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time to drop from 450 to 200?

rb2rb2 Posts: 3
edited November -1 in EggHead Forum
Just got the egg last week (finally!) Planning on an 8 lb. standing rib roast for Tgiving dinner at around 4 pm.

My tried-and-true oven method is a pan sear on all sides before, then slow roast in oven at 200F approx 30 minutes per pound. Since it is such a gentle roasting heat, I pull it at 130F, and rest for 15 min.

So my question for those who have been at this awhile is: how long will it take the egg (a large) to drop from 'sear temp' to 200? What is a minimum sear temp, anyway?

If it's going to take two hours to cool down to 200, then I may just stick with the pan sear on the stovetop first, then pop it in the egg for the low-n-slow.

(However, there is the unspoken and seldom talked-about shame factor in using the stove... not that anyone here would address that in an open forum! Thank you for not openly heckling.)

Jim

p.s. The above method is from the Cook's Illustrated 'Best Recipe' book.

Comments

  • Jim,

    If you put a big roast on at 450* say and close the vents to 250* you might not even see the temp at 450* although it is still searing. The big cold meat will drop the temp on the egg. You will still get your sear though. I wouldn't try maintaining 200* as you'll be chasing it unless you have a Digi-Q or other control. 250* is plenty low enough for what you are looking for.

    Steve

    Steve 

    Caledon, ON

     

  • Jim,

    You'll get a bunch of methods:

    Sear and Roast

    Roast and Sear

    but I like to keep it as simple as possible. Try Mad Max's method here:

    A TALE OF PRIME RIB

    Start the cook with the egg stable at 500º. Put the roast in, indirect, and close the vents until the temperature comes down to 325º. Cook to 125º internal.

    I love this method, because I don't have to juggle platesetters and grids.

    Great results, too!

    6f116dd0.jpg

    Joe
  • MJF24MJF24 Posts: 146
    You can go from sear temps (500 degrees or so) to 250 in about 20 minutes as long as you don't let the Egg stay at the sear temp for too long. If you let it sit at 450 or 500 for a while, the ceramic will get hot and it'll take a while to cool down.

    You might want to search the site for the T-Rex steak method, which is similar to what you're trying to do. There are many posts about that method and cooling down the Egg to roasting temps.

    Also, if you roast indirect (by putting a plate setter in), the temperature in the Egg will drop much more quickly.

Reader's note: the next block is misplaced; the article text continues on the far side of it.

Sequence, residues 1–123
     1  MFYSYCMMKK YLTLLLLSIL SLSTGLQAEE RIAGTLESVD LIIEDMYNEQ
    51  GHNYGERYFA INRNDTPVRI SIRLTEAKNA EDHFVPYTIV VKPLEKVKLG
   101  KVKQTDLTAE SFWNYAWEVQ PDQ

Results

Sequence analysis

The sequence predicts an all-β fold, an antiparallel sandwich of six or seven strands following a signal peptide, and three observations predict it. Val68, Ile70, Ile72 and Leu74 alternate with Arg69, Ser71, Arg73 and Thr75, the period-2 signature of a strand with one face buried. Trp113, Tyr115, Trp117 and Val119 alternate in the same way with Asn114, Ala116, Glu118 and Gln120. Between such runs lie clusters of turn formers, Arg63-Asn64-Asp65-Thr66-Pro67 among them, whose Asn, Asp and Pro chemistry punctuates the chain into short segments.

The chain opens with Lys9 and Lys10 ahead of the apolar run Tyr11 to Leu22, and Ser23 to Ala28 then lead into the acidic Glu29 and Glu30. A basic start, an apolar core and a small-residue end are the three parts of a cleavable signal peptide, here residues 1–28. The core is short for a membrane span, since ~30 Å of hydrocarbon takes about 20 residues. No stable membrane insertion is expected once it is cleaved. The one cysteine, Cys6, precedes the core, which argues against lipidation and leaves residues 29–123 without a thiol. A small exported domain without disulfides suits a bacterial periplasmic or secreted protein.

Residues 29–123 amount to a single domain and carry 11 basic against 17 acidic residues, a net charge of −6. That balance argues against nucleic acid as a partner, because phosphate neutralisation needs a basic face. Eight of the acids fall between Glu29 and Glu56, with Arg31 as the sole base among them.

• AZRPAZRP Posts: 10,116
    I do the same, stable Egg at 500 and add the roast, then set the vents for 350. Daisy small petals open large hole shut, bottom vent doesn't matter as long as it is at least 1/2" open. I pull it at 125 internal. -RP
  • rb2rb2 Posts: 3
    Thanks. Can you guesstimate the time for an 8 lb roast (going to try and get the big end), or rule-of-thumb xx min per pound? Just want to know approx what time to start up the egg for a 4 pm sit-down.

    Jim
  • I'm hooked on the no-fuss method, RP. We've done three roasts like that and the results are always spectacular. Glad to know that I'm in good company!

    Just more evidence that the BGE has ruined me for restaurants. The Prime (Choice, actually, at about $6 a pound) Ribs I've had cooked on the egg are better than anything I've paid $20-30 a plate for. The wife like to clean the ribs. I love to see her carnivorous side!

    Joe
  • I've never really paid too much attention to the time it took, so you'll probably get better answers from more eggsperienced folks, but the biggest roast I've done was about 6 pounds and it was ready to go, after resting in less than 3 hours.

    Joe
  • AZRPAZRP Posts: 10,116
    I haven't cooked one since last Christmas, but I'm thinking it was less than two hours. Be sure to allow 20-30 minutes rest under a foil tent. -RP
  • NilsNils Posts: 82
    There are many ways to do a rib roast, and they all work. ;)

    Experiment with your newfound toy and I hope you enjoy it as much as I do mine!

    I've done a few methods, what has been recommended above works nicely, and is simple.

    I use a reverse sear now, been doing that most of the last year now - and I find it is easy, as well - give it a try some time when you want to play some more!

    I cook the roast indirect (not necessary to do indirect, but its how I choose to do it) at 250-275 until it is 112 internal. Then pull and foil the roast, reset egg to direct and open her all the way up - take the top cast iron cover off and set it aside, and open bottom vent full-bore! Within 5 min egg is at 600-700 degrees. Pop that roast on, for a minute per side (can get it to stand on at least two sides and both ends without too much trouble) I rotate the roast about 30-40 degrees at the 30 second mark to get the nice grill marks. Pull, foil, and let rest 15-20 min, roast is now at 125-130, rare to med rare which is how we like it!

    With the egg, there really is no need to do an initial sear to keep the meat from drying out - it just comes down to personal preference.
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